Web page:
8 Crucial Things To Consider Before Accepting A Job Offer

This article was last updated on April 16, 2022

8 crucial things to consider before accepting a job offer

You nailed the first interview. And the second — possibly even a third. And now it’s here, glimmering at the top of your inbox: the job offer.

It can be tempting to accept an offer right away — especially if it’s your dream job. But there are a number of crucial things to consider before saying yes. Not only is this the time when you can negotiate your salary, it’s when you get a 360-degree view of the role itself. What will actually be expected of you? Are there any red flags?

To help you make the most informed decision possible when accepting a new job, we partnered with SoFi, a finance company that helps you save money and earn more via its Get That Raise tool. Together, we tapped Ashley Stahl, career coach and founder of the Job Offer Academy, and Alexandra Dickinson, membership strategy lead and career expert at SoFi, for a guide to everything you need to do before accepting — so you can sign that contract with confidence.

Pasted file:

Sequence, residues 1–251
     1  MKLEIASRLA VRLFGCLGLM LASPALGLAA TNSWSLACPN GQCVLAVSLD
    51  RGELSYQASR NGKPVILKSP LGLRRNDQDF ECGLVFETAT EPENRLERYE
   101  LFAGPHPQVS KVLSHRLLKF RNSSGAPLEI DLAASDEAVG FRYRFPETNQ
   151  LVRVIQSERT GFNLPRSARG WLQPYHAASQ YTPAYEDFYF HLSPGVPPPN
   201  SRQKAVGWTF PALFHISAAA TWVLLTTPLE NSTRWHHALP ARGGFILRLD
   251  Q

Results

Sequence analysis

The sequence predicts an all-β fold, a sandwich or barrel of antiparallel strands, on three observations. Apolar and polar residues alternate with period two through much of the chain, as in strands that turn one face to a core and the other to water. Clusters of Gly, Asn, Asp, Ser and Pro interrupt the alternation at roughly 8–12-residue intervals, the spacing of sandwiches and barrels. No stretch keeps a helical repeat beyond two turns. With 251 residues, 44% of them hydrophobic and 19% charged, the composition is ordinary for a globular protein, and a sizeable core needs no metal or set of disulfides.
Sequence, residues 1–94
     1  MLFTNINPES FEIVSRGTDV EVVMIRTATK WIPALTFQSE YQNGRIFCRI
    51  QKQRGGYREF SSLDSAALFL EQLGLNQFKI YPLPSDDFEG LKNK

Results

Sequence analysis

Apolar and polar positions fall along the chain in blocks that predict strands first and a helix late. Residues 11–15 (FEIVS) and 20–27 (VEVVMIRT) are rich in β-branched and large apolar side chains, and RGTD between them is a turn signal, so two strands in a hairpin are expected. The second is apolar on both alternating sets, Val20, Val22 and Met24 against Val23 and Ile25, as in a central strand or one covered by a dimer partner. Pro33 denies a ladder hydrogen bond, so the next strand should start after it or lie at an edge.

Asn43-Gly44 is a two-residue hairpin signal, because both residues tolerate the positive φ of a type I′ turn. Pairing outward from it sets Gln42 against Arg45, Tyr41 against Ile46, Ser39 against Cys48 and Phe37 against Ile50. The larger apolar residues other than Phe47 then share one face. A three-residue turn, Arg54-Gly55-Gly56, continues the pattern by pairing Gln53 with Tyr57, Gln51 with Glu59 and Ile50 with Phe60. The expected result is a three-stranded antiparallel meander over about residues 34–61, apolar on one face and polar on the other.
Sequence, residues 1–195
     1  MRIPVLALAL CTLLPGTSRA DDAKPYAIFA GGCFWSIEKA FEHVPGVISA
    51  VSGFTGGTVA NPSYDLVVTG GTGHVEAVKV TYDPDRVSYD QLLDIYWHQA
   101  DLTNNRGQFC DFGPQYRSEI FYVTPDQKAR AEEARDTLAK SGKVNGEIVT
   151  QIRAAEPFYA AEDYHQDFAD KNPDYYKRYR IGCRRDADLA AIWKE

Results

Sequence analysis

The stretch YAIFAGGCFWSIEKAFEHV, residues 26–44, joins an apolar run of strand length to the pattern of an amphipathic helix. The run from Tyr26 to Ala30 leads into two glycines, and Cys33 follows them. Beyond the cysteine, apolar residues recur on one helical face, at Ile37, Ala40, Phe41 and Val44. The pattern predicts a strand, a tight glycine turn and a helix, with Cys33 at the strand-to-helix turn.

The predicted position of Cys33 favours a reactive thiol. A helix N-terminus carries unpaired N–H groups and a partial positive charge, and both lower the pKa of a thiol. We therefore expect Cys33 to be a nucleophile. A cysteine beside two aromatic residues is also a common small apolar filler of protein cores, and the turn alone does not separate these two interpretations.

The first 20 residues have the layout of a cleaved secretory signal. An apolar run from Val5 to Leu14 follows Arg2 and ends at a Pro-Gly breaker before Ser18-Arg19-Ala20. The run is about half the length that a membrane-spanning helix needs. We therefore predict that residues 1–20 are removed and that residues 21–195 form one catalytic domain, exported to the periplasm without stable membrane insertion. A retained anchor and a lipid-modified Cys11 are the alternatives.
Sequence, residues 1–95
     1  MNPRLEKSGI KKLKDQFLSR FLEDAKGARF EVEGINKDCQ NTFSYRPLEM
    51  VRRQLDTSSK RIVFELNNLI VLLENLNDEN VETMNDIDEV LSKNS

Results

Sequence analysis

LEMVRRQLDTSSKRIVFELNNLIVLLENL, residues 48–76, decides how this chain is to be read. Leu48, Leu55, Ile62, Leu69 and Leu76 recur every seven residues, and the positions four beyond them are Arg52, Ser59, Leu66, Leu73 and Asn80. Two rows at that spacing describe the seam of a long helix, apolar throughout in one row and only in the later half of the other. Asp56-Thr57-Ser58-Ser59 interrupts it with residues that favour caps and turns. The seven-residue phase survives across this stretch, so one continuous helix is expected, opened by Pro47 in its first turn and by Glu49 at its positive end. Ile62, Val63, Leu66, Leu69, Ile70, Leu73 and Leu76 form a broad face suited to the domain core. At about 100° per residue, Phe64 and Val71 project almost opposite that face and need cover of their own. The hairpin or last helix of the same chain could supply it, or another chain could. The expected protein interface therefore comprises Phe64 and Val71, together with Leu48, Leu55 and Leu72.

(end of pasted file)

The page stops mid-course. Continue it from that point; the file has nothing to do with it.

8 crucial things to consider before accepting a job offer

Don’t wait until you’re desperate.

One of the biggest mistakes you can make has to do with when you look for a job in the first place. “Far too often, people are so hungry to leave their jobs that they allow themselves to go into desperation,” Stahl says, referring to this as being a “reactive” hunter.